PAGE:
A Hobby Anthropologist Dissects the Tribes of the Upper East Side

by GiniaBellafante

MAY 29, 2015

original article on NYTimes.com

children getting out of cabs

Going to school on the Upper East Side. Credit Erin Baiano for The New York Times

A few weeks ago, a woman named Wednesday Martin, a hobby anthropologist whose graduate degree is in comparative literature, published an op-ed article in The New York Times outlining some of the observations she makes in her forthcoming book, “Primates of Park Avenue.” News of the book, a memoir that presents itself as a pop ethnography of Upper East Side motherhood, immediately prompted intense reaction in part because of some of the claims made in it — that wealthy nonworking mothers receive a “wife bonus” for outstanding domestic performance, to cite an example — and in part because Ms. Martin, observed last week table-hopping at Michael’s in jeans and heels, had seemed to so thoroughly embrace the manners of the women she had written about with such an imperious strain of sympathy.

Speaking to The New York Post recently, Ms. Martin expressed disillusionment with her current habitat on the Upper West Side. “The Upper East Side is skinny; the West doesn’t care about the last 10 pounds. The Upper East is totally manicured and coifed and this is, like, post-menopausal gray hair.” After all was said and done, she said, she missed her old neighborhood. In the book, she writes about her arduous quest for the Hermès Birkin bag, the unsurpassable status symbol, nearly as hard to acquire as an hour of personal styling from Michelle Obama.

moms with strollers

A scene from Bravo’s “Odd Mom Out.” Credit Barbara Nitke/Bravo

For some time, Ms. Martin, the wife of an investment manager and a mother of two, lived at 900 Park Avenue, at 79th Street, which she described as “not a ‘prestigious’ prewar building,” studying the folkways of well-to-do women living west of Lexington Avenue. Her defenders have argued, obviously enough, that studying the primary beneficiaries of American capitalism is every bit as worthwhile as studying, for instance, the Ondonga tribe of Namibia, but studying is a term used here at risk of exaggeration, because Ms. Martin essentially spent six years at it only to reproduce every cliché of a “Real Housewives” episode.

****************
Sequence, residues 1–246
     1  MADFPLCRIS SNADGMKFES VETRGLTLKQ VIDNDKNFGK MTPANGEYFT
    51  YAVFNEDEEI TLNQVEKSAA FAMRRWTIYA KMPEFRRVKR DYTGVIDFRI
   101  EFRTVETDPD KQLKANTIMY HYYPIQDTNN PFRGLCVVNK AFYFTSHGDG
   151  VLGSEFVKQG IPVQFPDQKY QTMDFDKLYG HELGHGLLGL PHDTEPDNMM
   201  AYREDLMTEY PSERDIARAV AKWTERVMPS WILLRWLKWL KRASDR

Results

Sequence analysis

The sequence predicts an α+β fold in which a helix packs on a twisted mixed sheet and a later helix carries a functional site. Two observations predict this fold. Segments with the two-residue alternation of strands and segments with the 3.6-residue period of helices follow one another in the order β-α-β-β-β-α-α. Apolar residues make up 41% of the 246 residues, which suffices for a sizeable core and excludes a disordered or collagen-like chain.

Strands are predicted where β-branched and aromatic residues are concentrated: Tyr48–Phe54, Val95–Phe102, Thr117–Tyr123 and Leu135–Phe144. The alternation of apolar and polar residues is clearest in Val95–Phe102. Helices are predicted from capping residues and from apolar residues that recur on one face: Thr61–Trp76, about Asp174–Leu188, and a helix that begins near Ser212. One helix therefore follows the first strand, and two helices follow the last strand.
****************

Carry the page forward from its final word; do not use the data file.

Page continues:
She arrives on Park Avenue via Michigan and the West Village, an enclave she views, in the 21st century, as just as culturally distinct from the Upper East Side as Latvia is from Barbados. What Ms. Martin discovers when she lands in her new milieu is that stay-at-home-mothers exercise compulsively, fill large closets with lots of clothes, dress up for school drop-off, go to charity events, obsess over their children’s enrichment (in ways presumably but of course not provably different from the way rich and ambitious parents everywhere obsess over filial achievement and Princeton admission from the moment of conception) and spend exorbitant sums on personal grooming. They also drink to relieve anxiety and pass the summers languishing on Long Island’s East End (a useful bit of information for anyone under the impression that people living between East 60th and 96th Streets cleared out for Asbury Park in August).


That the mothers around her, largely acquainted through school, tended to socialize primarily with one another rather than in couples — a practice I have witnessed even in the distant colony of Brooklyn — is something Ms. Martin appears to find unique to the world she is describing and vaguely worrisome. In various instances, the women she portrays are shown to be petty, mean and adolescent, never saying hello and ignoring her requests for play dates, because, Ms. Martin concludes, she and her husband aren’t important enough — they are “low-ranking primates.” When something truly terrible happens to her — the sort of thing Ms. Martin rightly observes is too little discussed — some of these women reveal themselves capable of profound compassion, but a compassion that is dealt with only in a few pages at the end of the book, almost as an addendum.